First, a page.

Sunday, May 18, 2014

Memorial Day, historians, cemeteries and their history of communities!

Working in a cemetery can be a wonderful experience.  The quite of the surroundings… trees rustling in the wind that almost seeming to whisper past secrets to you.  The "town’s"  history lies in its cemetery.  Many times I can feel it as I walk along the rows of markers.  After having lived in this little area for 30 years (and being the curator of its museum) I actually know many of the people buried beneath the ground even though I never met them.  I guess it’s a historian thing.

The Historic Eaton Cemetery has an unbelievable wealth of history attached to it from its early roots 200 years ago, as it is located on the Old Indian Trail that brought settlers west from Albany and south from Bainbridge.  That path then became the Skaneateles-Hamilton Turnpike.   It once had the early Eaton school house on its grounds right where the flag pole sits today.  Luminaries like Ellis Morse and the Evangelist Charles Grandison Finney went to school in this little log building.  (I have the early handwritten schoolbook in the Eaton Museum).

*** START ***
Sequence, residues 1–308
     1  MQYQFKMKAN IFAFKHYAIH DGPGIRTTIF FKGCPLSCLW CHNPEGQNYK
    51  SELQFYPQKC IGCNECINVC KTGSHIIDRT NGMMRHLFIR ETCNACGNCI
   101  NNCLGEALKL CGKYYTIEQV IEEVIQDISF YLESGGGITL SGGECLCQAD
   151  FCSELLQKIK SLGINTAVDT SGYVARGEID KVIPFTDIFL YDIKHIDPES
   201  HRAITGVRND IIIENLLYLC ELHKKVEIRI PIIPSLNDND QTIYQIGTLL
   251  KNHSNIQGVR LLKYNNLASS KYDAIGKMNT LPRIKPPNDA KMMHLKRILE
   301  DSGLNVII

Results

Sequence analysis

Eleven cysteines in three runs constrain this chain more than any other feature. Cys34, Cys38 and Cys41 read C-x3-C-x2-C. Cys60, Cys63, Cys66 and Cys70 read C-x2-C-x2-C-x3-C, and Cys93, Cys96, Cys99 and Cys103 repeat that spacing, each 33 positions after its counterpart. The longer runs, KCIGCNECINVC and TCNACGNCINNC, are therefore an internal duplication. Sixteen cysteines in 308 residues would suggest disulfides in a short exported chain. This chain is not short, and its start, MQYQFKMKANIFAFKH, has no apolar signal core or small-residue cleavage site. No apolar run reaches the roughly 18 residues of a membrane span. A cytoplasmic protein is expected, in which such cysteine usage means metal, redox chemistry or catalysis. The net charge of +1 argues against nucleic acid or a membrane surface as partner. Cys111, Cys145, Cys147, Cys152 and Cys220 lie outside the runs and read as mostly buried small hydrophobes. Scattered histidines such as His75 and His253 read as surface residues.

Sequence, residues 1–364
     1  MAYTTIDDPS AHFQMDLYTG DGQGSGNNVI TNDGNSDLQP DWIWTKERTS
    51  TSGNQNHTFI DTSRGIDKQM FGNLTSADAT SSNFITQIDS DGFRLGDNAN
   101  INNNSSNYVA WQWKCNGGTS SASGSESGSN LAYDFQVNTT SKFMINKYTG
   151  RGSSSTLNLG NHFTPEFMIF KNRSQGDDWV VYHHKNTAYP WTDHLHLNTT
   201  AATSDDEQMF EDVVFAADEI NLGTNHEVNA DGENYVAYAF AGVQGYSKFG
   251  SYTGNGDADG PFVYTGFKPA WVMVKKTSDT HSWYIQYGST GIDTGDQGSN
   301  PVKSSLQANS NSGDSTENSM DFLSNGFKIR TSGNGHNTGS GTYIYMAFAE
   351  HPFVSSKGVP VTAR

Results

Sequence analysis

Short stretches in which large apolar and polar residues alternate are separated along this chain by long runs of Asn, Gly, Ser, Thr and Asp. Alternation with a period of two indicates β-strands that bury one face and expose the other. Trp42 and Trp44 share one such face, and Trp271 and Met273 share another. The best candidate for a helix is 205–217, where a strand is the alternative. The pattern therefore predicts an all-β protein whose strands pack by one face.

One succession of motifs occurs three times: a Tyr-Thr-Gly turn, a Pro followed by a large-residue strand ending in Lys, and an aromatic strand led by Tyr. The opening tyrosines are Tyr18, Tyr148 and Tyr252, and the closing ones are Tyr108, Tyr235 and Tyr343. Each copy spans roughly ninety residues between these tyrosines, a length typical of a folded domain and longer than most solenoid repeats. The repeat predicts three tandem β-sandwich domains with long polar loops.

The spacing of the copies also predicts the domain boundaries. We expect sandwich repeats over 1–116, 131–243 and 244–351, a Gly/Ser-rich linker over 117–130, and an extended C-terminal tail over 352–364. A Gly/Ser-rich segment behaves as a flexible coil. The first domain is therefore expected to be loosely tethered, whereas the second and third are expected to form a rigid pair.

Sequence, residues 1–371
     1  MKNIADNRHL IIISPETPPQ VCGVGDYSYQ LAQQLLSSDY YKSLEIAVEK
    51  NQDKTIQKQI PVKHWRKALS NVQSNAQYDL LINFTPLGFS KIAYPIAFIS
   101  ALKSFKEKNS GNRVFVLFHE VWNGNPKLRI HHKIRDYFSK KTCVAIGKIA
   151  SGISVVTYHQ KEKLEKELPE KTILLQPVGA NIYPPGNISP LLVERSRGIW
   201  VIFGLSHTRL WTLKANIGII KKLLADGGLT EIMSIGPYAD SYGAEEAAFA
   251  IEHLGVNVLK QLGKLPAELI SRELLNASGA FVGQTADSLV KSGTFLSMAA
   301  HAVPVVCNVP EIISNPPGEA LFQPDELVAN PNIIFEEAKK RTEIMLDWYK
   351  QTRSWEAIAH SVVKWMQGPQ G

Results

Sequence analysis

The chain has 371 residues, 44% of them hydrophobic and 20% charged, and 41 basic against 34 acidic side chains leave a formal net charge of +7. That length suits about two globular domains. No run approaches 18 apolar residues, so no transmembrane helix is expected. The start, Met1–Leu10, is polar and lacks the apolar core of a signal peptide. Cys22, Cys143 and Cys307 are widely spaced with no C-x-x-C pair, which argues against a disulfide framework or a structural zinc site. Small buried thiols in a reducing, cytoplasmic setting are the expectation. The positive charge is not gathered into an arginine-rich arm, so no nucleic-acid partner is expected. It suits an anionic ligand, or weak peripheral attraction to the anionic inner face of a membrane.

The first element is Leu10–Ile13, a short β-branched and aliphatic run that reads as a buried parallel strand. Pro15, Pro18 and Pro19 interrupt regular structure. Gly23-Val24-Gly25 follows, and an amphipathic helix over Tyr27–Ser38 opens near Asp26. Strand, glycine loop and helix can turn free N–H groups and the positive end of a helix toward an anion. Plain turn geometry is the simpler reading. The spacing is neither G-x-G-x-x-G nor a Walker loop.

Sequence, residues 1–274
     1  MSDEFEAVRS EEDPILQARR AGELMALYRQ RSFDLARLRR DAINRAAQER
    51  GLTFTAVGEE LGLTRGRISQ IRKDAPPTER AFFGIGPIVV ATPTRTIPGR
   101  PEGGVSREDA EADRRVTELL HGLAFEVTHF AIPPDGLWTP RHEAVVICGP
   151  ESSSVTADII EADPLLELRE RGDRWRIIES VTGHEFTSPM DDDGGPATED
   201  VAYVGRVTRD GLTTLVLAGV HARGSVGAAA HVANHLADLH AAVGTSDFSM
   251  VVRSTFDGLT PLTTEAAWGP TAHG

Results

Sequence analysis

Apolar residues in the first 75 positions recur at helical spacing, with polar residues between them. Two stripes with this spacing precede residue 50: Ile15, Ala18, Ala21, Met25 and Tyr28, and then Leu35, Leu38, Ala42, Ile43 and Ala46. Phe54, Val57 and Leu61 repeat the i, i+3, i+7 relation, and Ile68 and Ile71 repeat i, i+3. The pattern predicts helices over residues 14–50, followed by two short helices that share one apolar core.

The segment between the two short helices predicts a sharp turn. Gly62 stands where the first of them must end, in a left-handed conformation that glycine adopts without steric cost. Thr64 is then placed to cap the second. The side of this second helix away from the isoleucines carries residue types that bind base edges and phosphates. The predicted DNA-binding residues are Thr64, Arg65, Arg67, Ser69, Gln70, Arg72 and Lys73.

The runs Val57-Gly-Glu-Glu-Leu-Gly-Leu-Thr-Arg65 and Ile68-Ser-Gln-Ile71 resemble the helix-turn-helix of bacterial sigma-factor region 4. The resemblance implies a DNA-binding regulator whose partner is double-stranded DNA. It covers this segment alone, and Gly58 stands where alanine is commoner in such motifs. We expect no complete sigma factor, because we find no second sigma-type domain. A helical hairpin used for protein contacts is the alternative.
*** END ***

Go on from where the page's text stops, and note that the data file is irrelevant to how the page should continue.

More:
The cemetery is also the resting place of many of the men who fought in every war starting with the American Revolution, those marked with flags every Memorial Day.  We even have some woman veterans buried here - two of which will be honored this year.

The old white stones shinning in the sun also reveal the names of some of the earliest settlers including Chad Brown whose family started Brown University, Miles Standish III who was the direct descendant (third in line) from that famous Puritan Miles Standish.  Also Mrs. Deiadamia Button Chase and her brood of historians (Luna Hammond and Julius Hammond) and seven  . MD’s…yes.. seven... of course she was the first female Doctor in Madison county.

People’s whose names made the news in the 1800’s like Andrew Bigelow Morse the young missionary to Siam and Chaplain of the Treasury Department during the Civil War, a friend of Lincoln’s.  His brother Col. Henry Bagg Morse of the 114th Regiment of NYS Volunteers who became a beloved Grand Circuit Judge in Arkansas after the war.  

Just so many names… so much history.  I love the special stones… one woman has marked on the back of her stone her oft quoted phrase… “I am not perfect. But I am consistently adequate!”   Another is so sad... it reads… “How many hopes lie buried here?”

I have just put together a book on the cemetery for the anniversary of the incorporation of the Eaton Village Cemetery Association.  They are going to sell it as a fundraiser at our Eaton Day Event… I hope you will join us for this special day, will visit the cemetery, and take the free self-guided tour. I am confident that you will

feel the history at your feet!

1 comment:

  1. Mary, just by reading this one can feel the love you have for what you are doing. And every time you write an article like this, you spread that love.